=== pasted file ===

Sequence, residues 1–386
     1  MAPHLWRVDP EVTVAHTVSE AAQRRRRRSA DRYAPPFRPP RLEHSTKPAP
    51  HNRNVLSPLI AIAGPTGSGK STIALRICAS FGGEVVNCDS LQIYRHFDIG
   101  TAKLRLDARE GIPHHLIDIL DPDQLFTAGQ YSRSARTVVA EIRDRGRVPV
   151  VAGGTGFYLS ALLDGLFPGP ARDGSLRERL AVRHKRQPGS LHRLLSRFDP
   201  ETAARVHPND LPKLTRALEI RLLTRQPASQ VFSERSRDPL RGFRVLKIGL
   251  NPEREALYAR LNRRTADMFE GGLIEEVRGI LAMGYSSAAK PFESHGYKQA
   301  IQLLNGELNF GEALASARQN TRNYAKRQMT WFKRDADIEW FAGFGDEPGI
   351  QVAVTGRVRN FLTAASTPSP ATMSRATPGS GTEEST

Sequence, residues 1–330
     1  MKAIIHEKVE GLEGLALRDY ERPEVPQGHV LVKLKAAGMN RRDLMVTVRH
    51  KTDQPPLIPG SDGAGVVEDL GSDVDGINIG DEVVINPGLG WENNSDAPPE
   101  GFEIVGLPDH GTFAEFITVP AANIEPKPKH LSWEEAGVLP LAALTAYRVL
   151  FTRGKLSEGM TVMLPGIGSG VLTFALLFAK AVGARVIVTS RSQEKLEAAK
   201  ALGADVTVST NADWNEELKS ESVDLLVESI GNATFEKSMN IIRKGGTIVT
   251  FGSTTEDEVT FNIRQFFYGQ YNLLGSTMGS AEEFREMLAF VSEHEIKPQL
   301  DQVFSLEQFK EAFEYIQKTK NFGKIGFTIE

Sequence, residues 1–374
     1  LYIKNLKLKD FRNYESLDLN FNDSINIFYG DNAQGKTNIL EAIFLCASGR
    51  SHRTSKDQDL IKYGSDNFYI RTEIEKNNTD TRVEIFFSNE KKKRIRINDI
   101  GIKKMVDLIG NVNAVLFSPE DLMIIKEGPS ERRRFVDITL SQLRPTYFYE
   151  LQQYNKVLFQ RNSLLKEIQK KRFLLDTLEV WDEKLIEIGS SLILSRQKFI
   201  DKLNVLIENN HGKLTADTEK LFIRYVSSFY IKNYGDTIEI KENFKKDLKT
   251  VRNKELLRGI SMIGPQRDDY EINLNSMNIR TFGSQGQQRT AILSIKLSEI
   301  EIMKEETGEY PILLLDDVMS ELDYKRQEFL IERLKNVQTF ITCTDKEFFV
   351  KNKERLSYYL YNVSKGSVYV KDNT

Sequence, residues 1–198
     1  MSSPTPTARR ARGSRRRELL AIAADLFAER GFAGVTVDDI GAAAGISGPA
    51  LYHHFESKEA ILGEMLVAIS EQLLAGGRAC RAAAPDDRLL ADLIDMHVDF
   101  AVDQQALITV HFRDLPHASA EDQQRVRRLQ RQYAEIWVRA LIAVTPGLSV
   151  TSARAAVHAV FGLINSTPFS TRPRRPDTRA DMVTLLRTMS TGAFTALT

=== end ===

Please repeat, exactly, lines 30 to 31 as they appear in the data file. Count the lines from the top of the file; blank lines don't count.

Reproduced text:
   101  AVDQQALITV HFRDLPHASA EDQQRVRRLQ RQYAEIWVRA LIAVTPGLSV
   151  TSARAAVHAV FGLINSTPFS TRPRRPDTRA DMVTLLRTMS TGAFTALT